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Lines 4 & 5 are causing me grief:

1  def test_break_statement
2     i = 1
3     result = 1
4     while true
5       break unless i <= 10
6       result = result * i
7       i += 1
8     end
9     assert_equal 3628800, result
10  end

I'm not sure what needs to remain true in the while true statement, however I believe it is the code that follows it. This leads to further confusion because I am reading the line:

break unless i <= 10 as break if i is not smaller or equal to 10. What procedure is this code going through ie how does the while and break statements interplay. I think I am nearly there but can't put the process in my head. Thanks.

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up vote 2 down vote accepted

while statements test whatever comes after the word while. If the expression that follows them is true they execute the code within the loop. If the expression is false, they do not.

Thus, as other posters have pointed out, while true will always execute the code within the loop. Luckily for your code there is a break statement within the loop. If there wasn't, the loop would run forever and you'd have to kill the process running your program.

In your code sample the break keyword is followed by unless which means that it will break the loop unless the expression following it is true. Your code will break out of the loop when i is greater than 10.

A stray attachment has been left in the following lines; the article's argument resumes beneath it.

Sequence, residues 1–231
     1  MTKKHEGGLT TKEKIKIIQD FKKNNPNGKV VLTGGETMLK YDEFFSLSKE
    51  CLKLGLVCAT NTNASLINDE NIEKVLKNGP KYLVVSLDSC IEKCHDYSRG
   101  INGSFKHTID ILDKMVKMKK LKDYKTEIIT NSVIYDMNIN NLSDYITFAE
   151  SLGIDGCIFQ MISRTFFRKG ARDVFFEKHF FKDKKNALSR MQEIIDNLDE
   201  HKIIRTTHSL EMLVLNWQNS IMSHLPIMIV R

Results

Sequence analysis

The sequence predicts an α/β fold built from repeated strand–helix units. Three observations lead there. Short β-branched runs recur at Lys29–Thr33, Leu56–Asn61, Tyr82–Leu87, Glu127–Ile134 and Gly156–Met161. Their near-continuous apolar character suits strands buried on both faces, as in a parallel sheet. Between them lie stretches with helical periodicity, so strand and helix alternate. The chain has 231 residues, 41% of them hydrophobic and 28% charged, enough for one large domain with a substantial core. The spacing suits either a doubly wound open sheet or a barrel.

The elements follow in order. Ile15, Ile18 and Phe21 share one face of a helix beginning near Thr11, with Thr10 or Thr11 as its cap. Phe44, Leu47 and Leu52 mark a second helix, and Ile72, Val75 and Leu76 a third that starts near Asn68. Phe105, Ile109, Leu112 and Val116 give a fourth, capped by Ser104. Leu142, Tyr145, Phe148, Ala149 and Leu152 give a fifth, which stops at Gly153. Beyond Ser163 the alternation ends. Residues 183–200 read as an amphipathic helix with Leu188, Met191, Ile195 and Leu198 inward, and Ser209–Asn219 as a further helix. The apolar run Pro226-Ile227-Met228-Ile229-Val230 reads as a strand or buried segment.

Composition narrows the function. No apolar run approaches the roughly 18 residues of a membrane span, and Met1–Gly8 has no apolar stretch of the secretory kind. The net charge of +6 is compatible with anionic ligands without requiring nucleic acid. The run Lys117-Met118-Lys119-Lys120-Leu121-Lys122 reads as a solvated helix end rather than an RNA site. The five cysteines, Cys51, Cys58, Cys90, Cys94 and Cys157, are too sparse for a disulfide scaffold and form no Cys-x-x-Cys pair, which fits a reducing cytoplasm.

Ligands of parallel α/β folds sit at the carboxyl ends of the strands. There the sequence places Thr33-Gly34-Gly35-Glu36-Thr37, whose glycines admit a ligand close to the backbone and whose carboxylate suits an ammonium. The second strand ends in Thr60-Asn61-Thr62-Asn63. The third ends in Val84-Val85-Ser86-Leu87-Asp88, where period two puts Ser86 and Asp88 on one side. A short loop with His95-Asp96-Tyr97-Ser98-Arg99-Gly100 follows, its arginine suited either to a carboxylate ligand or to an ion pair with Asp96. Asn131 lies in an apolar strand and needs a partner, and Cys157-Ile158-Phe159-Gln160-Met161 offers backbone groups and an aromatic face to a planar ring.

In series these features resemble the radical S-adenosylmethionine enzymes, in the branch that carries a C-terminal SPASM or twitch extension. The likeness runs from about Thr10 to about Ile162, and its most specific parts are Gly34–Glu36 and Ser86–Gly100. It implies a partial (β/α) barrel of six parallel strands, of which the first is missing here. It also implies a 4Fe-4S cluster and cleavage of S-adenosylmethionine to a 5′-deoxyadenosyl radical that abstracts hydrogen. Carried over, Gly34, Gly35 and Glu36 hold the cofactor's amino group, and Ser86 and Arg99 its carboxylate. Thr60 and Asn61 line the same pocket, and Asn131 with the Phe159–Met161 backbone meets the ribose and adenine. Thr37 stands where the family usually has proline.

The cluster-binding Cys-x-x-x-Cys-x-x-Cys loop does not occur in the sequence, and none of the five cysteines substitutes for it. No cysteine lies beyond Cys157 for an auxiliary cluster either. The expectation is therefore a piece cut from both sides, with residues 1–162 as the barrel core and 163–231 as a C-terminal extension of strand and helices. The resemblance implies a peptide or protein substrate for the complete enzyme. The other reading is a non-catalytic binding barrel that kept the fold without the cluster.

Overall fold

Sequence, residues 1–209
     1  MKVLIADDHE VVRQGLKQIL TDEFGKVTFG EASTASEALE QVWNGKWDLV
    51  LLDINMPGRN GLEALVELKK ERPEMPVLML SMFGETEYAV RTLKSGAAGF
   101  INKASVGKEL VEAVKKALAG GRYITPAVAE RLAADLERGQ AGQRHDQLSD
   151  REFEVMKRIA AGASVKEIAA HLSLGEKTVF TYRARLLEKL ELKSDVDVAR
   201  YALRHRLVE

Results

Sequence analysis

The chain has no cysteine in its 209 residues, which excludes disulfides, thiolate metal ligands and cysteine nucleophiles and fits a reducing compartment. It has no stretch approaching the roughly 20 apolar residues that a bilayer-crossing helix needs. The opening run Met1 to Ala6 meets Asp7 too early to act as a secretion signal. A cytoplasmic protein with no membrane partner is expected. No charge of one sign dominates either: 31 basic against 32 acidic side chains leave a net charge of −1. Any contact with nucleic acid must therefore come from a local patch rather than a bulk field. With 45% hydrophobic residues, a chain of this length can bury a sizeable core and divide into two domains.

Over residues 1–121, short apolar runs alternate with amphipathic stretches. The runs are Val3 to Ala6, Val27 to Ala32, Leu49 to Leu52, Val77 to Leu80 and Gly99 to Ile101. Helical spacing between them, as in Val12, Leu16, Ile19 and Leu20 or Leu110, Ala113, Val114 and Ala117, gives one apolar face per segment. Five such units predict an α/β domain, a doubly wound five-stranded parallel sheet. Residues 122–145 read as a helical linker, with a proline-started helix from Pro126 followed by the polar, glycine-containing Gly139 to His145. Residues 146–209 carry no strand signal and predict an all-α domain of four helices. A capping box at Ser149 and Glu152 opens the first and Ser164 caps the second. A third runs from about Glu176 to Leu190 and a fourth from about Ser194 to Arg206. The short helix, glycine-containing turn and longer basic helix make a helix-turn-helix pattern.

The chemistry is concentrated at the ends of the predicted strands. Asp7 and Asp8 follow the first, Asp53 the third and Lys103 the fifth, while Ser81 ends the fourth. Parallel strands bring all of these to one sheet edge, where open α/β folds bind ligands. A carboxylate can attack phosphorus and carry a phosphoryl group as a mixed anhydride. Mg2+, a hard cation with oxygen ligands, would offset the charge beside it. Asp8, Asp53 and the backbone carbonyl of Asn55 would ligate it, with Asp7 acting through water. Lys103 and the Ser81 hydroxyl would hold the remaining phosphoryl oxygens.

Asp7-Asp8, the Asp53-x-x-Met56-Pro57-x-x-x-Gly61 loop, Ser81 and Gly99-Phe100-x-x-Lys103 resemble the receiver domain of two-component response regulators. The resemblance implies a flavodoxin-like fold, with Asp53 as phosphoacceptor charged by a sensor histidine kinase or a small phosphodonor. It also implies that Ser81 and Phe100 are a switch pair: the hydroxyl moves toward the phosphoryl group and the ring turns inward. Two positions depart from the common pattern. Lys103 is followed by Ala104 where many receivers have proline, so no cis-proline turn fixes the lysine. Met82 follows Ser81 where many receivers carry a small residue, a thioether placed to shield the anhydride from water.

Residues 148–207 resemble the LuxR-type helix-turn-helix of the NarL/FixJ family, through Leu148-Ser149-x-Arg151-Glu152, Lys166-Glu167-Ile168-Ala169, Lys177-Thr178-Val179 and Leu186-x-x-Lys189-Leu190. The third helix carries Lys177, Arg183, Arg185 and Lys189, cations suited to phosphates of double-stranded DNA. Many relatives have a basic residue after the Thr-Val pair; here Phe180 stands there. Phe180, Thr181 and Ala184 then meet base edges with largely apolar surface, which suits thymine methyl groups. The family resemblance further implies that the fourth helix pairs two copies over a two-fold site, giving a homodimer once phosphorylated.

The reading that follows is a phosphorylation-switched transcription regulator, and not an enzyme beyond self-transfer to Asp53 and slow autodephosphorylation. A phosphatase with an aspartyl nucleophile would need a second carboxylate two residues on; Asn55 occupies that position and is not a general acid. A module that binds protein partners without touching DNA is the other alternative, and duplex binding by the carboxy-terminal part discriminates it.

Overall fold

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while true is an infinite loop. break, when executed, will exit it immediately, to continue with the first line after it (assert_equal...).

In this specific case (nothing intervening between while and break unless), it is equivalent to this:

 while i <= 10
   result = result * i
   i += 1
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The code will break out of the endless while loop when i is greater than 10. But I'm not sure why the condition isn't checked in the while statement.

Edit: Had I read the method name I would have understood why the condition isn't checked directly with the while statement. The method's purpose is to test the break statement.

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  • while true it is endless loop.
  • break unless i <= 10 is same as break if i > 10 it will break that loop if i is smaller or equal to 10
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'break unless i <= 10 is same as break if i >= 10', no it's the same as break if i > 10. The negation of <= is >, not >=. – sepp2k May 27 '12 at 19:14
Haven't noticed, that I have typo. Thank you! Also it is good tip. – thesis May 27 '12 at 19:20

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